Conceptualization, A.A.R.; methodology, A.A.R. and F.S.B.D.; formal analysis, T.F.d.S. and A.A.R.; writing—original draft preparation, F.S.B.D., Y.d.M.M.L. and A.A.R.; writing—review and editing, T.F.d.S., L.S.d.F. and J.G.G.; funding acquisition, A.A.R. All authors have read and agreed to the published version of the manuscript.

Funding

This research was funded by the Brazilian Ministry of Health (MoH) as well as the National Council for Scientific and Technological Development (CNPq) (grant number 439701/2018-0) by Public Notice CNPq/MS/SAS/DAB/CGAN No. 26/2018.

Institutional Review Board Statement

Ethical review and approval for this study were waived since it used data of public use and access, made available by the Ministry of Health of Brazil in an unrestricted manner and without nominal identifications, under the terms of the National Health Council Resolution, CNS 466/12, which provides for research involving human beings in Brazil.

Informed Consent Statement

Informed consent was obtained via the VIGITEL survey from all subjects involved in the study.

Data Availability Statement

Data presented in this study are publicly and unrestrictedly available by the Brazilian Ministry of Health on the website of the IT Department of Unified Health System. https://datasus.saude.gov.br/ (accessed on 10 January 2023).

Conflicts of Interest

The authors declare no conflict of interest.

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Figure 1. Map of Brazil showing the geographical location of the state capitals and the Federal District. The red box indicates the geographical location of Brazil within South America on a global map.
Figure 1. Map of Brazil showing the geographical location of the state capitals and the Federal District. The red box indicates the geographical location of Brazil within South America on a global map.
Obesities 03 00010 g001
Table 1. Temporal trend of severe obesity in the population aged 18 years and over in Brazilian state capitals and the Federal District, according to sociodemographic characteristics. Surveillance of Risk and Protective Factors for Chronic Diseases by Telephone Survey (VIGITEL), 2006 to 2021.
Table 1. Temporal trend of severe obesity in the population aged 18 years and over in Brazilian state capitals and the Federal District, according to sociodemographic characteristics. Surveillance of Risk and Protective Factors for Chronic Diseases by Telephone Survey (VIGITEL), 2006 to 2021.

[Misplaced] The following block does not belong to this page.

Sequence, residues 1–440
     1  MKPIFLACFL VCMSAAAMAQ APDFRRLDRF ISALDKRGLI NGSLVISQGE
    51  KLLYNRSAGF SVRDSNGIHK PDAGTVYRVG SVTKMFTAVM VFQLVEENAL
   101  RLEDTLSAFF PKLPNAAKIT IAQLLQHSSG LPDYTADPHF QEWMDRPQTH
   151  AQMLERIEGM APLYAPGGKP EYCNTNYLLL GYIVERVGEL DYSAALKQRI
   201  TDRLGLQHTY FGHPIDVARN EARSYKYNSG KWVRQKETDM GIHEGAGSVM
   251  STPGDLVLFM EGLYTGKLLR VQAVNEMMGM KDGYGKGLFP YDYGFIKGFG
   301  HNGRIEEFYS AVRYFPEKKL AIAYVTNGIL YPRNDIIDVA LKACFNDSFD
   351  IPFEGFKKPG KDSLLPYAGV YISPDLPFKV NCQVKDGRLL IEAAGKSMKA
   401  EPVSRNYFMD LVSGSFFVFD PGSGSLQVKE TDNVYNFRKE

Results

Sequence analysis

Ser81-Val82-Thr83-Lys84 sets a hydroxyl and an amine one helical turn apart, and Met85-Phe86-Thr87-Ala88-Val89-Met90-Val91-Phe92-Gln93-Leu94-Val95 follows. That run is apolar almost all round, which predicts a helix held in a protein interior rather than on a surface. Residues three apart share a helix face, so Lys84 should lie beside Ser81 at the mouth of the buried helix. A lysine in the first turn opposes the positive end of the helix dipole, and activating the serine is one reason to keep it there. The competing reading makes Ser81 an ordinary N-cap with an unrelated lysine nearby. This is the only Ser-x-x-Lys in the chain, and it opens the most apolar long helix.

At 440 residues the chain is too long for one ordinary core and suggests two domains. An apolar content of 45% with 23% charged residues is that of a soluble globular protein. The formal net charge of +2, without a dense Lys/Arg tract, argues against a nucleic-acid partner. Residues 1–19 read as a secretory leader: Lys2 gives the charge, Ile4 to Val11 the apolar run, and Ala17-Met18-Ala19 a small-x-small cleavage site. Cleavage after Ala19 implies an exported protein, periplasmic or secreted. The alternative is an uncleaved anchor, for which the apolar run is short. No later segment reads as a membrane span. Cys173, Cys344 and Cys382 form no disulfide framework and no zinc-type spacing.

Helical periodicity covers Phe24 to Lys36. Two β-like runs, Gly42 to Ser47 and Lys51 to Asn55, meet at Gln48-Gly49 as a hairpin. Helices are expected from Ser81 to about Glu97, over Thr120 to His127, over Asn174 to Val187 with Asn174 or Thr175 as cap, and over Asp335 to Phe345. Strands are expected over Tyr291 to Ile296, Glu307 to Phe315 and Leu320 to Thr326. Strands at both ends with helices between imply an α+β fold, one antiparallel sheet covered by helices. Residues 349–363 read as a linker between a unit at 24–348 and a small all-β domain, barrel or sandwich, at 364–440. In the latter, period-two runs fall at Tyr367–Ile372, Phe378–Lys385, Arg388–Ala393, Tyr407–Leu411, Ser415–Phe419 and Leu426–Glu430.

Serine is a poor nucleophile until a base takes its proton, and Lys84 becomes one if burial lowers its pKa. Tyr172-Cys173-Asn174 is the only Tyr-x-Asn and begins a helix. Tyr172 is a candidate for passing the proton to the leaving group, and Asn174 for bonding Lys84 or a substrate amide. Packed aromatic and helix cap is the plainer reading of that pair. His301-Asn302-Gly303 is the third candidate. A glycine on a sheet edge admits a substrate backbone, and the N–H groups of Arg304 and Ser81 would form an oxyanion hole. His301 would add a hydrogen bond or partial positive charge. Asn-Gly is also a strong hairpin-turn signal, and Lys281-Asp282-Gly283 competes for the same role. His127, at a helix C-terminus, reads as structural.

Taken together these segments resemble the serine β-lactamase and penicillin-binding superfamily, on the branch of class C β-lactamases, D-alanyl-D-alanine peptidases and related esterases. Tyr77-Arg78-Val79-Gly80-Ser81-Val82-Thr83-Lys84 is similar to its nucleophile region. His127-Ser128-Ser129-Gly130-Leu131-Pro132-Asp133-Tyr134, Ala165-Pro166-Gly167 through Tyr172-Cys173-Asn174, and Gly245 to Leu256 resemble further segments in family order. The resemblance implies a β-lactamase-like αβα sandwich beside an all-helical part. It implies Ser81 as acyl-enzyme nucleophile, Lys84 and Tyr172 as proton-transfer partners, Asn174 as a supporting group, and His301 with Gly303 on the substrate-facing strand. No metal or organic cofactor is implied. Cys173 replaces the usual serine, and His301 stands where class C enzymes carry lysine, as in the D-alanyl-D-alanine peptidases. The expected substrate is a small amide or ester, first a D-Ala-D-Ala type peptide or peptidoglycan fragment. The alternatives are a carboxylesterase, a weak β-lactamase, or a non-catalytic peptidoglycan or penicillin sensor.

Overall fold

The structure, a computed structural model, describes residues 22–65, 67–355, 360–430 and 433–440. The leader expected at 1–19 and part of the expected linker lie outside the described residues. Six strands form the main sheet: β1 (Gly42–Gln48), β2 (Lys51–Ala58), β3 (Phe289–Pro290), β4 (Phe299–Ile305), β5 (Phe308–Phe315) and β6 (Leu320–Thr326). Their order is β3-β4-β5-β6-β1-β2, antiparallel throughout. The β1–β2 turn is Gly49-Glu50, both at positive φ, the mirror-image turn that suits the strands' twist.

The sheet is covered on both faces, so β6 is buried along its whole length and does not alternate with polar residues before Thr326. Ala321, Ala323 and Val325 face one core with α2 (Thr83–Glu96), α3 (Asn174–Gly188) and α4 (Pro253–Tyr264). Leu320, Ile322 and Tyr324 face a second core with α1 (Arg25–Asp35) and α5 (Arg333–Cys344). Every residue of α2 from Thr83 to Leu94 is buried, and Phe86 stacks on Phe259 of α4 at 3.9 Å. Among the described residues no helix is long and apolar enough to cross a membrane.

Variables2006200720082009201020112012201320142015201620172018201920202021AAPC95% CIp-Value
TOTAL1.11.00.91.21.21.21.51.51.61.71.61.71.81.82.01.94.73.8; 5.7<0.001
Sex
  Male0.90.80.50.70.81.11.01.21.21.11.21.41.41.31.61.63.5−2.7; 10.00.274
  Female1.31.21.31.61.62.32.01.81.92.32.01.91.92.22.42.14.31.9; 6.8<0.001
Age group (in years)
  18–34 0.60.70.70.80.61.51.00.81.31.51.31.21.21.31.61.14.71.7; 7.80.004
  35–591.31.41.11.41.72.01.91.91.62.02.02.02.02.02.42.33.72.4; 5.0<0.001
  60 or more1.70.91.21.61.61.62.02.12.11.61.51.91.92.12.12.53.21.3; 5.30.003
Skin color
  White1.20.90.81.00.91.11.81.41.31.21.41.61.61.51.61.83.91.9; 5.90.001
  Non-white1.01.11.01.31.41.21.31.41.51.71.71.71.91.92.41.95.24.1; 6.3<0.001
Level of schooling (by years of studying)
  0–8 1.81.61.21.82.02.32.22.32.62.32.72.82.82.53.42.94.63.2; 6.0<0.001
  9–110.50.50.80.90.71.61.40.91.31.61.31.41.41.81.41.75.92.8; 9.10.001
  12 or more0.50.60.60.60.71.00.91.20.61.01.00.90.91.11.71.36.03.4; 8.7<0.001
Geographic region
  North1.31.11.21.41.42.31.81.31.72.31.61.81.81.81.91.52.2−0.3; 4.70.080
  Northeast0.91.21.21.41.41.41.31.51.81.41.81.81.81.82.02.24.43.3; 5.5<0.001
  Midwest0.60.80.90.80.81.01.31.21.91.01.31.21.21.21.31.54.01.3; 6.90.007
  Southeast1.31.00.61.11.22.01.71.71.42.01.71.81.82.02.41.94.62.1; 7.20.001
  South1.10.81.20.91.11.51.31.31.51.51.41.51.51.41.21.93.21.4; 5.00.002
Table 2. Temporal trend of severe obesity in the population aged 18 years and over in Brazilian capitals and the Federal District, by location. Surveillance of Risk and Protective Factors for Chronic Diseases by Telephone Survey (VIGITEL), 2006 to 2021.
Table 2. Temporal trend of severe obesity in the population aged 18 years and over in Brazilian capitals and the Federal District, by location. Surveillance of Risk and Protective Factors for Chronic Diseases by Telephone Survey (VIGITEL), 2006 to 2021.
Capitals2006200720082009201020112012201320142015201620172018201920202021AAPC95% CIp-Value